Paddling in Paradise

Paddling in Paradise
I know Christmas is still a few months away but the melody of Andy Williams' "It's the most wonderful time of the year" plays through my head when I hear the word October. That one little word is enough to bring a smile to my face and, rightfully so. I personally believe that it is the greatest month out of the year and for multiple reasons.

For starters, the Texas summer heat is gone and is replaced with fair and cooler weather. This makes kayak fishing much more enjoyable. The cooler temperatures allow anglers to spend more time on the water while being able to cover a great distance. Luckily, fishing at this time of the year is phenomenal; paddling miles across back marshes or open water is usually not necessary. A short paddle to the nearest marsh outflow can produce limits of fish and in a short period of time. I recall a trip I had made last October where I had all intentions on paddling up a bayou and fishing the mouth where it opened into the bay. I made it about 60 yards and saw one shrimp scurry across the top of the water, so I made a cast. I proceeded to catch a limit of trout and reds within one hour. If it was not for that one shrimp, I would have paddled over that whole school of fish. That is a prime example of how fishing is in October.

It is also the time of the year that all baitfish make their yearly migration to the gulf. Mullet, shad, crabs, and shrimp will gather in large masses and head south for the winter. Their annual journey though is treacherous; every predator for miles around will gather for the feast. Not only does a shrimp have to worry about falling prey to a hungry trout but just above the water's surface awaits a flock of greedy gulls. The screech of a hungry seagull will attract other birds and is a clear indication that fish are feeding under them.

Fishing a group of birds that are "working" can be fun, fast and furious. When fished properly, an angler can make 10 casts and have a limit of trout on a stringer. The key is to stay on the outer edge of the birds and cast just under them. If you can do this without spooking the birds away, they can be easily followed for a long period of time. Oftentimes boaters will crash directly into the school, pull a few fish out and then travel to the next group of birds; a cash and dash method of fishing. Kayakers do not have that luxury, unless you are looking for a good cardio workout. It is a fun experience to paddle from group to group and trying to catch as many fish as possible while the magic is still happening. Although, this is not a method I prefer.

When the fish are in a feeding frenzy, lure choice is not all that important. I tend to stray from lures with treble hooks, such as top waters, Rat-L-Traps, crankbaits etc. I am trying to get a fish off as quickly as possible so I can make another cast. I want to avoid treble hooks caught in my net, my fish, or even me. I typically stick to a 1/4 oz. jighead with a Norton Sand Eel Jr. The color usually does not matter but I prefer purple and green. Another reason why I like Norton lures is because they are rugged. One lure can withstand several trout before it is torn apart and needs to be replaced. I have not found any other soft plastics that can compare to being as tough.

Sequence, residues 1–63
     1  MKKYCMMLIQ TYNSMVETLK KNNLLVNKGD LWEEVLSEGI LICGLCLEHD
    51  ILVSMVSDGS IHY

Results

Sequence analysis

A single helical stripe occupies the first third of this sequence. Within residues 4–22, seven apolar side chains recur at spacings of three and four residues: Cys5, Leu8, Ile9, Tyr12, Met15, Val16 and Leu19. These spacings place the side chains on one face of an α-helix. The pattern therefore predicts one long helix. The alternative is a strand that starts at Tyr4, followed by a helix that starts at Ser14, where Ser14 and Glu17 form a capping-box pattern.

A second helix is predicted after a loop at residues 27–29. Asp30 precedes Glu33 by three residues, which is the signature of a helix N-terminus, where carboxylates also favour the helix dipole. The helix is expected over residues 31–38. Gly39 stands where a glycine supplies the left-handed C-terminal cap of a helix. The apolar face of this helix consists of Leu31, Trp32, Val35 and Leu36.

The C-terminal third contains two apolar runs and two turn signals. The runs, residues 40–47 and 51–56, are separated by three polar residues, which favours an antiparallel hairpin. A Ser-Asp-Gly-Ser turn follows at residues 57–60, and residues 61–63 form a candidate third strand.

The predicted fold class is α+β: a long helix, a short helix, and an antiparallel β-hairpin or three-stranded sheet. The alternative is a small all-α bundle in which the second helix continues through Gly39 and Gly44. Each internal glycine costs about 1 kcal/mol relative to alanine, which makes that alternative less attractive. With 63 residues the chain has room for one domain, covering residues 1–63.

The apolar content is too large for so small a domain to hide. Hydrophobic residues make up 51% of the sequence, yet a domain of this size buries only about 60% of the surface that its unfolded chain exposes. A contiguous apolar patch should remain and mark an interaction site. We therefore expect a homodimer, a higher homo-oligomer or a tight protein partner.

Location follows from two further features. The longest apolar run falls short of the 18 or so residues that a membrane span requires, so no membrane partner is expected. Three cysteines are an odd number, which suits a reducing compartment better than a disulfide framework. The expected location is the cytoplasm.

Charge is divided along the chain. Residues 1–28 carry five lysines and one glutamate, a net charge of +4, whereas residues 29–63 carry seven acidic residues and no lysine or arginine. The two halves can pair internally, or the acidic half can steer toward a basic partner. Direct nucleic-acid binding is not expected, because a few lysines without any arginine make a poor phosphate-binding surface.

Scattered across the open water the trout are doing their thing but that is only half the fun. I always found it amazing what the redfish are doing at this time of year. The bull reds are thick in the surf and are still spawning. Only mature redfish spawn so when you catch one, it is going to be a good one! It is always fun though to hang into a 40" redfish and let him drag you around in circles. You are never really in control until you have landed him in the kayak. Also, like every other fish during October, they are in large schools. So catching several bulls in a day and doubling up is common.

Back in the marsh and bayous you can find every other redfish that is not participating in their annual spawn. These fish know when the shrimp begin to migrate and know exactly where to be. They will gather up in small or large schools and move down a shoreline. They mostly gorge themselves on the thousands of shrimp leaving the estuaries but will devour anything in their path. Often times they can be heard crashing a shoreline before being seen. Chasing these schools of redfish is one of my favorite things to target. All you have to do is cast just on the outer edge of the school and hang on. Catching them is almost effortless but getting to witness these fish correlate always has intrigued me. These fish synchronize together and work as a team to benefit every one of them. Not just a few of them but hundreds of redfish will break into smaller groups and do their thing. It is truly an awesome occurrence that only happens once a year.

All in all, the month of October makes for a kayakers paradise. Every fish around is hungry and fattening up for winter, so the fishing is incredible. The weather is beyond perfect to be paddling in. I mean seriously, what is not to like? I wish every day could be this ideal, not just for the fishing but the kayaking too. One of these days I am going to be long gone and I am not sure what to expect afterwards. Some say streets paved with gold but that is not how I envision it. No, I will settle for fishing the brisk October days on Sabine Lake for all of eternity.

Enjoy Life!